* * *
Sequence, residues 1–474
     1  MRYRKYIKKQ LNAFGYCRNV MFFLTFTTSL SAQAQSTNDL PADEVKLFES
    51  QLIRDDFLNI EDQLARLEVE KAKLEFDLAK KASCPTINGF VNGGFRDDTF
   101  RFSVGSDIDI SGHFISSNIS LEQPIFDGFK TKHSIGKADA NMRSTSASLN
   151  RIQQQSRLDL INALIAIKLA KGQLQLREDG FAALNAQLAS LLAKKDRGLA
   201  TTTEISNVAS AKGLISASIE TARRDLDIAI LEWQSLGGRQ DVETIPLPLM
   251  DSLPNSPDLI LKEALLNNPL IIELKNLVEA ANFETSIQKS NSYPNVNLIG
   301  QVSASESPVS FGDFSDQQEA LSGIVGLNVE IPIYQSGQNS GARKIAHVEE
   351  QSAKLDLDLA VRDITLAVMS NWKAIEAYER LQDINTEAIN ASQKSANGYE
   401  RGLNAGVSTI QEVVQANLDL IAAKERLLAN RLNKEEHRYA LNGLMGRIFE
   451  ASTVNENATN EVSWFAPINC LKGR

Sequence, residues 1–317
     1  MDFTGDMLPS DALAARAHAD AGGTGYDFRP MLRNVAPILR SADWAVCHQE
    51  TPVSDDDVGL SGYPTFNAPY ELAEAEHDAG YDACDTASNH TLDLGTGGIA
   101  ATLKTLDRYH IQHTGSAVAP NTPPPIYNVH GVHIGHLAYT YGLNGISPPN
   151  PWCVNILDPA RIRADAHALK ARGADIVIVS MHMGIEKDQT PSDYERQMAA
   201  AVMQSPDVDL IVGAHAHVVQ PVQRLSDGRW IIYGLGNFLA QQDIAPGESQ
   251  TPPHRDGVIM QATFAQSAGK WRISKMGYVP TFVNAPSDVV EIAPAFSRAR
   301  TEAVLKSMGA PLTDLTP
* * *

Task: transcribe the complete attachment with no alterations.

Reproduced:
Sequence, residues 1–474
     1  MRYRKYIKKQ LNAFGYCRNV MFFLTFTTSL SAQAQSTNDL PADEVKLFES
    51  QLIRDDFLNI EDQLARLEVE KAKLEFDLAK KASCPTINGF VNGGFRDDTF
   101  RFSVGSDIDI SGHFISSNIS LEQPIFDGFK TKHSIGKADA NMRSTSASLN
   151  RIQQQSRLDL INALIAIKLA KGQLQLREDG FAALNAQLAS LLAKKDRGLA
   201  TTTEISNVAS AKGLISASIE TARRDLDIAI LEWQSLGGRQ DVETIPLPLM
   251  DSLPNSPDLI LKEALLNNPL IIELKNLVEA ANFETSIQKS NSYPNVNLIG
   301  QVSASESPVS FGDFSDQQEA LSGIVGLNVE IPIYQSGQNS GARKIAHVEE
   351  QSAKLDLDLA VRDITLAVMS NWKAIEAYER LQDINTEAIN ASQKSANGYE
   401  RGLNAGVSTI QEVVQANLDL IAAKERLLAN RLNKEEHRYA LNGLMGRIFE
   451  ASTVNENATN EVSWFAPINC LKGR

Sequence, residues 1–317
     1  MDFTGDMLPS DALAARAHAD AGGTGYDFRP MLRNVAPILR SADWAVCHQE
    51  TPVSDDDVGL SGYPTFNAPY ELAEAEHDAG YDACDTASNH TLDLGTGGIA
   101  ATLKTLDRYH IQHTGSAVAP NTPPPIYNVH GVHIGHLAYT YGLNGISPPN
   151  PWCVNILDPA RIRADAHALK ARGADIVIVS MHMGIEKDQT PSDYERQMAA
   201  AVMQSPDVDL IVGAHAHVVQ PVQRLSDGRW IIYGLGNFLA QQDIAPGESQ
   251  TPPHRDGVIM QATFAQSAGK WRISKMGYVP TFVNAPSDVV EIAPAFSRAR
   301  TEAVLKSMGA PLTDLTP